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7 Most Obscure Marijuana Laws in the U.S.

We all know that America’s drug and marijuana laws are completely illogical and irrational. But even in a country that considers cannabis to be a more dangerous drug than cocaine, there are still some obscure laws that are even weirder.

Here are some of the most obscure marijuana laws in the United States:

1. Teenagers Can’t Buy Magazines in Louisiana That Talk About Drugs

In 1977, the state of Louisiana banned the sale of magazines that are “encouraging, advocating, or facilitating the illegal use of controlled dangerous substances.” This was primarily in response to the founding of High Times magazine four years earlier. Forty years later, and any teenager in Louisiana can pull up their smartphone and Google “marijuana” and get millions of results.

2. In New York City, You Can Be Arrested for Marijuana Possession Even Though Marijuana Possession is Decriminalized

Marijuana possession in New York City is decriminalized, meaning you’re allowed to have the drug on you without punishment. But there’s a catch: you’re not allowed to display marijuana in public. But New York’s stop-and-frisk laws allow police officers to ask people to empty their pockets without probable cause. And if you empty marijuana from your pocket, you can be arrested for it, even though the only reason you’re breaking the law is because a police officer is forcing you to do so.

3. You Can (Maybe) Bring Marijuana Onto Planes

In 1972, the Federal Aviation Administration implemented a rule saying that pilots could not operate planes with narcotics on them, but that rule “does not apply to any carriage of narcotic drugs, marihuana and depressant or stimulant drugs or substances authorities or under any federal or State statute or by any Federal or State Agency.” That law seems to imply that it’s ok for drugs to be on board airplanes as long as they were purchased legally under state law. And while that would make for an excellent court case, we wouldn’t recommend you do so.

4. California City Imposes Taxes on Marijuana Businesses to Shut Them Down

Voters in Vallejo, California approved a measure in 2011 that would tax marijuana dispensary sales in the city. The only problem was the measure didn’t legalize the actual dispensaries. So the government collected the money from the taxes and used it to raid those dispensaries and shut them down. Instead of, you know, using that money for more helpful purposes.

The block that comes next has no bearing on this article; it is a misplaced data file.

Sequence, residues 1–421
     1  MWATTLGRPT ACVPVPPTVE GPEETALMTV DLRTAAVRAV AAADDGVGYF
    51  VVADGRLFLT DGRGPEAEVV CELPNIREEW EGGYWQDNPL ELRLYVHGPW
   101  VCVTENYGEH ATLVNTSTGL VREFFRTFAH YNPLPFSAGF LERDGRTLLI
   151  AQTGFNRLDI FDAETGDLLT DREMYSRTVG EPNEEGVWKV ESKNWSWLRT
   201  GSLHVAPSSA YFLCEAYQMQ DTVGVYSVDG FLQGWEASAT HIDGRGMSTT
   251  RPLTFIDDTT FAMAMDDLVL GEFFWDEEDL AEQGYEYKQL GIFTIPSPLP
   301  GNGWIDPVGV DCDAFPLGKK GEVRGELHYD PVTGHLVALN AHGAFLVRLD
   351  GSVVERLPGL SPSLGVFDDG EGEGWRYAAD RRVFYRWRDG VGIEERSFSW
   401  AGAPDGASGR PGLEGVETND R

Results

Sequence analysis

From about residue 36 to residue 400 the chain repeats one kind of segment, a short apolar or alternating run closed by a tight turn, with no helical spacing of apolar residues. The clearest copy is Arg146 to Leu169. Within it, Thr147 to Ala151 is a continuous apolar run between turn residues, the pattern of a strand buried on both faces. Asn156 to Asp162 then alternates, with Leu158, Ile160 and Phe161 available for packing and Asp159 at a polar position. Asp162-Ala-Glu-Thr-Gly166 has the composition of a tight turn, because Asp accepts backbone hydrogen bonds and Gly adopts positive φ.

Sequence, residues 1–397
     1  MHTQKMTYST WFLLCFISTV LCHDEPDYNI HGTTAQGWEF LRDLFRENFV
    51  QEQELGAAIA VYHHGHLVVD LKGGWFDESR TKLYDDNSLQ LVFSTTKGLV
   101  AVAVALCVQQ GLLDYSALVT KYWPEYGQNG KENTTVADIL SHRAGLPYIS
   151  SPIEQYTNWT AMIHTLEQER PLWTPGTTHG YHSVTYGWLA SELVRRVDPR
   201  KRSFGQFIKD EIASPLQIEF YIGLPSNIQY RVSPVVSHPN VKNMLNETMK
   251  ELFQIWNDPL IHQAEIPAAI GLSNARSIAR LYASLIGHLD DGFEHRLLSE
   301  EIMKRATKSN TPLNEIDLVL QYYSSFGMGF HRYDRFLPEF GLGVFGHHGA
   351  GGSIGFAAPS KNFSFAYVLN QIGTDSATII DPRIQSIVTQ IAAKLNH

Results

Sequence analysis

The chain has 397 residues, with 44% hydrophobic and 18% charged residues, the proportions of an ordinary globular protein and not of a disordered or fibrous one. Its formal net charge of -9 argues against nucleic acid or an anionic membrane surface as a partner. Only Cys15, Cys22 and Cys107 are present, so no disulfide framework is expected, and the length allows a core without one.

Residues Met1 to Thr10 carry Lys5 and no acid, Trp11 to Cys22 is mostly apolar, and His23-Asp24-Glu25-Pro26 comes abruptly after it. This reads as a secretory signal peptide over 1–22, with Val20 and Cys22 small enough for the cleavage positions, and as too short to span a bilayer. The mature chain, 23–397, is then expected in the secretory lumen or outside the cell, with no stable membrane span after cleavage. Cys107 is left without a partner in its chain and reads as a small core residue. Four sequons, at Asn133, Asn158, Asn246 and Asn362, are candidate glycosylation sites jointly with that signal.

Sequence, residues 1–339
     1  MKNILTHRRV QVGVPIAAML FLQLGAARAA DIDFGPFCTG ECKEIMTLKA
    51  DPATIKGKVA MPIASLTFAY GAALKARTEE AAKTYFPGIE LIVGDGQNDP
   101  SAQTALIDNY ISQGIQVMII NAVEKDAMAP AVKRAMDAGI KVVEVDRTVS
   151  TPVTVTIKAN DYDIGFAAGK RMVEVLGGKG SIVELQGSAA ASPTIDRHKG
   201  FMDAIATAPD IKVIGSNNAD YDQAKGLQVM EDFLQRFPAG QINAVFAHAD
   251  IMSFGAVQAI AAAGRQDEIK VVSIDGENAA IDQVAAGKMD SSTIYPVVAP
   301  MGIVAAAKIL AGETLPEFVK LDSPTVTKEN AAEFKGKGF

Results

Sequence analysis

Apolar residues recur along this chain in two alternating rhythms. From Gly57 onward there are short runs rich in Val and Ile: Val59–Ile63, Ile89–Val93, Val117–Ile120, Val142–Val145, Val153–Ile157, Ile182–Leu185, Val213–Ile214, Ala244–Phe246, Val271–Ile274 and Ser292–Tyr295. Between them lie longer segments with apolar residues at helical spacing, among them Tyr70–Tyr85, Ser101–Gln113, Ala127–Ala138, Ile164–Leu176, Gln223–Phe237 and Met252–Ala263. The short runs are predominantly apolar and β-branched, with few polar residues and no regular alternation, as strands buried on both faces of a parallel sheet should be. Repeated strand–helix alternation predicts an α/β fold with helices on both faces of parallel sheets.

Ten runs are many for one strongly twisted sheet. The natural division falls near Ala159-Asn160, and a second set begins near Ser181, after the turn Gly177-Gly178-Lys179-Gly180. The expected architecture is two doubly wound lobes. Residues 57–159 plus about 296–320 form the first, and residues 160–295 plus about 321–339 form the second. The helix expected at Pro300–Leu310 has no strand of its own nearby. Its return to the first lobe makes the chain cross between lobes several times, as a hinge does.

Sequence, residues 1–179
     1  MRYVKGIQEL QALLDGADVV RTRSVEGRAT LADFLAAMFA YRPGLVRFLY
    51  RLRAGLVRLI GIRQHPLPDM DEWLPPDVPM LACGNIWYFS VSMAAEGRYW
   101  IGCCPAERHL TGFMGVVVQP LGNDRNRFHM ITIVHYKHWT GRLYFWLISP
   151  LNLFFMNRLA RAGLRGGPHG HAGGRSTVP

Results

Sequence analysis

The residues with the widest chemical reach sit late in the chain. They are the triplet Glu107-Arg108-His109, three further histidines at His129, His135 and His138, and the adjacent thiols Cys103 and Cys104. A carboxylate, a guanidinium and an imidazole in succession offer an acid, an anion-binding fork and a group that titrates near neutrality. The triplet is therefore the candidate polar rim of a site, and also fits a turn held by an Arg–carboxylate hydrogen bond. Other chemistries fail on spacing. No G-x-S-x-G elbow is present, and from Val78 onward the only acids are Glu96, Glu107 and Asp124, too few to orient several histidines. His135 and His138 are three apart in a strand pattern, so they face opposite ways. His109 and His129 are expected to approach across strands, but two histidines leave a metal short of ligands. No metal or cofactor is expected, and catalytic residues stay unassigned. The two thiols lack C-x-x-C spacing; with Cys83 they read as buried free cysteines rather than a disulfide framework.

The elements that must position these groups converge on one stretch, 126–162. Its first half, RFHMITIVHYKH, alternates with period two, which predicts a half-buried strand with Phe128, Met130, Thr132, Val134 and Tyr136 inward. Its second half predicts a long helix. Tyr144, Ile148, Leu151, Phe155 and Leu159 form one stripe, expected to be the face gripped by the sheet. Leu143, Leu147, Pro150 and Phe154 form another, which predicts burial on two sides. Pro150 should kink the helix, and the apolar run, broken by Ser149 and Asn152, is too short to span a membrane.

5. It’s Illegal to Buy or Sell Laboratory Equipment in Texas

Technically, this law isn’t explicitly about marijuana, but drugs in general. In 1989 the Texas legislature edited their controlled substances law to prohibit the buying or selling of chemicals or laboratory equipment without state permission. Items on the banned sale list include “a flask Erlenmeyer, two-neck, or single-neck flask...a round-bottom, Florence, thermometer, or filtering flask.” All of which are items you’d find in basic high school chemistry classes.

6. In Indiana, It’s Illegal to Even Be Near Drugs

In Indiana, there is a misdemeanor crime for “presence where knowledge of drug activity occurs.” That’s a particularly vague and unknowable law. Does it mean being in the area where drug dealers are known to operate? Is it being in a place where someone has used drugs? The only thing we do know is it will come with a $1,000 fine and one year in jail.

7. Growing Marijuana Could Make You a British Citizen…in the 1600’s

We’ll finish this list with an obscure historical law. During the early days of American colonization, the British government encouraged settlers to grow hemp in the New World. Back then, hemp was used for anything from fabrics to lighting oil to medicine. In fact, the British government was so intent on colonists growing hemp that they rewarded full citizenship to anyone who cultivated massive amounts, and fined people who refused to grow it. It’s weird when the British government of the 1600’s seems to be more rational than the American government today.

(h/t Reason, Ozarkia and Thrillist)


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